Kimchi has to be one of my favourite condiments – I use it in and on the side of so many dishes! Full of flavour and funk, it’s spicy, tangy and just plain delicious. But what IS kimchi exactly? A staple of Korean cuisine, it’s basically salted and fermented vegetables, most often made with cabbage. It’s the Asian version of sauerkraut, if you like! Once you’ve tried it, it’ll be a new family favourite, which is why my Easy Korean Kimchi recipe should be next on your list.
How to make kimchi at home
It’s easier than you think to make kimchi from scratch. My version is cabbage-based and is packed with umami goodness. And the good news? Once you’ve made it, it will last in the fridge for up to six months. The great thing about homemade kimchi is that you can tailor the recipe to suit your tastes. Mine is heavy on the garlic because I love the stuff, but feel free to tweak as necessary.
My Kimchi Grilled Cheese Sandwich is a good reason to make kimchi from scratch!
#1: Prepare your cabbage
First off, you want a large Chinese cabbage that weighs around 1kg (2 lb). It may be called wombok or Napa cabbage in your area, so have a look around. Cut it in half lengthways and remove the core. Then cut each portion in half again. You should now have four long strips of cabbage.
Now cut each quarter into 2-3cm pieces crossways. We want it in small, bite-sized pieces so it breaks down a lot faster, which makes things a lot easier and quicker.
#2: Salt your cabbage
For the best kimchi, make sure your cabbage is nice and clean by giving it a good rinse under cold running water. Drain it in a colander, then transfer to a very large bowl. Now it’s time for the salting part.
Not only will salt provide flavour, but it also works to soften the cabbage. Sprinkle over ⅓ cup of sea salt, then give everything a toss with your hands. I like to leave it for a couple of hours, but I’ll check on it every 30 minutes or so and give everything another mix.
#3: Make your kimchi seasoning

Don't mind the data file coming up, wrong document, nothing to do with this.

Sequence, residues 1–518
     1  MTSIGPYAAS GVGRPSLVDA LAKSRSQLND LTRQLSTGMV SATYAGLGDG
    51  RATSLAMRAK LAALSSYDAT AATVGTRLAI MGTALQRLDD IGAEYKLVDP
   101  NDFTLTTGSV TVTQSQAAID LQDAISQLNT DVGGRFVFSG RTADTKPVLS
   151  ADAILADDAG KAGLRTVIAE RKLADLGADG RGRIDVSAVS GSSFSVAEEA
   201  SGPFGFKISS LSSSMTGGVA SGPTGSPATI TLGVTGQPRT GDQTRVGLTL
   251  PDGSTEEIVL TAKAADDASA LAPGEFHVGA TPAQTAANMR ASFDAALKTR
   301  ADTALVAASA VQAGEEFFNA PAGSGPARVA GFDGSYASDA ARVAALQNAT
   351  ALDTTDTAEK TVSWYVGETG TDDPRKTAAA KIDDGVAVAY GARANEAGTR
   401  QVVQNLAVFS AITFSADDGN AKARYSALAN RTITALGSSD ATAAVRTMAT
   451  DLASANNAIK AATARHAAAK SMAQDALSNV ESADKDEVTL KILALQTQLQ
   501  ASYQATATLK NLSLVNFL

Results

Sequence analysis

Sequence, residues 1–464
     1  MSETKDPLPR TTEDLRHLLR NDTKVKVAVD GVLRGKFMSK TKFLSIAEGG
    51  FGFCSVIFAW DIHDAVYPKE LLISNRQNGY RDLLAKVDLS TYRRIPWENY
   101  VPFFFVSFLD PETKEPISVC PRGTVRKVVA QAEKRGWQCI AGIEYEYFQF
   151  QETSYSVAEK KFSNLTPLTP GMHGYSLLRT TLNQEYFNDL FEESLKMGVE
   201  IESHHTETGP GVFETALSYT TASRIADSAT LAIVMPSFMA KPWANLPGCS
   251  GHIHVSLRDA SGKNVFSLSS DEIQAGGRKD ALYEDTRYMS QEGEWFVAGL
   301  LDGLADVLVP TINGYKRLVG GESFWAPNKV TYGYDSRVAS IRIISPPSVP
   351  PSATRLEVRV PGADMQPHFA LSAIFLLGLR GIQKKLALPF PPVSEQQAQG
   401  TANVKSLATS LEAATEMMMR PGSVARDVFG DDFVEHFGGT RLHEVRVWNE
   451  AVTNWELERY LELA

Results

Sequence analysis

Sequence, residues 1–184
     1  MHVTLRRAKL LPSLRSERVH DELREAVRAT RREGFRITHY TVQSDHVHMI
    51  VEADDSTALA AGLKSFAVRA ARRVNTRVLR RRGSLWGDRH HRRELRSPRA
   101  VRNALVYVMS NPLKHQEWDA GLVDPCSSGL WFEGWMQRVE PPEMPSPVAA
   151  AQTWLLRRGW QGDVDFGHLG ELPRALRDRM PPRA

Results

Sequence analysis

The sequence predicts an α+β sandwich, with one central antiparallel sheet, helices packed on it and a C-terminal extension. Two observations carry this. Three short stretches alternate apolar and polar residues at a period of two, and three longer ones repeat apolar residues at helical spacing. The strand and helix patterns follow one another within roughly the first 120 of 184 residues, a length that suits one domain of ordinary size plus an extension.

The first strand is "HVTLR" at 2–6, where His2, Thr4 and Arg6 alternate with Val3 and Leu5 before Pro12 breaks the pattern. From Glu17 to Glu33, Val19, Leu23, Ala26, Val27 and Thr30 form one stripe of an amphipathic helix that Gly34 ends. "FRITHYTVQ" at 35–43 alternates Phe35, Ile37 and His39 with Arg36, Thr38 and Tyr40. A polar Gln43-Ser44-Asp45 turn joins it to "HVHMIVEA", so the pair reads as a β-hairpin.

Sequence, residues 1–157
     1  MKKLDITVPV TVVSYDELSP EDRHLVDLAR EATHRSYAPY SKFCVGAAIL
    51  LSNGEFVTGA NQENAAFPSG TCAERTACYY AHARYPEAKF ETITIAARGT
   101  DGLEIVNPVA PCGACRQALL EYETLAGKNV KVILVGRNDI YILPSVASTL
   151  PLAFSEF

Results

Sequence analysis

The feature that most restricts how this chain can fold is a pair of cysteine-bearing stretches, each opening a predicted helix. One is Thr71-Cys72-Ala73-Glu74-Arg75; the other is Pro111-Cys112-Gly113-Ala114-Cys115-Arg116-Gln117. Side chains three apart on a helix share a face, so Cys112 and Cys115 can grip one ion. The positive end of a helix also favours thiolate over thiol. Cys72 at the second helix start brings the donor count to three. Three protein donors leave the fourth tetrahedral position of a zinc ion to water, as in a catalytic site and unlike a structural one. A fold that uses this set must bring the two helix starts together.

While your cabbage is doing its thing, grab your food processor. Add in ¼ cup fish sauce, ⅓ cup gochugaru (this is a Korean chilli powder you can find at an Asian grocer), 5 garlic cloves, 1 tbsp chopped fresh ginger and 1 tbsp white sugar. You’ll also want to peel and chop 1 pear and add that in too, then give it all a good blitz until it’s smooth.
#4: Time to drain your cabbage
Once your two hours is up, give your cabbage a good rinse. It helps to taste a little to make sure you’ve washed all the salt off. Give your bowl a rinse too, then pop the washed and drained cabbage back in. Now it’s time to add in your other vegies. For my homemade kimchi, I like to peel and julienne (a julienne peeler will be your best friend here) 1 medium (about 250g/9 oz) daikon (leave this out though if it’s not available near you) and cut 3 spring onions (scallions) into roughly 4cm batons. Chuck those in with your cabbage.
I love to use kimchi in dishes such as my Korean-style Beef Stir-fry.
#5: Mix it up and let it rest
In with your chilli mixture! Use tongs or your hands (you may want to pop some gloves on) to massage the ingredients together. Keep going until everything has a lovely ruby red coating. Taste and season with more chilli and sugar if desired, then transfer across to sterilised jars. Pop the lid on, then leave out at room temperature for around two to three days so all those flavours can make friends with one another. After that, store it in the fridge and use within six months.
Now you’ve read everything about ‘What is kimchi?’, it’s time to watch! If you’re more of a visual person, check out my recipe for homemade kimchi in video form.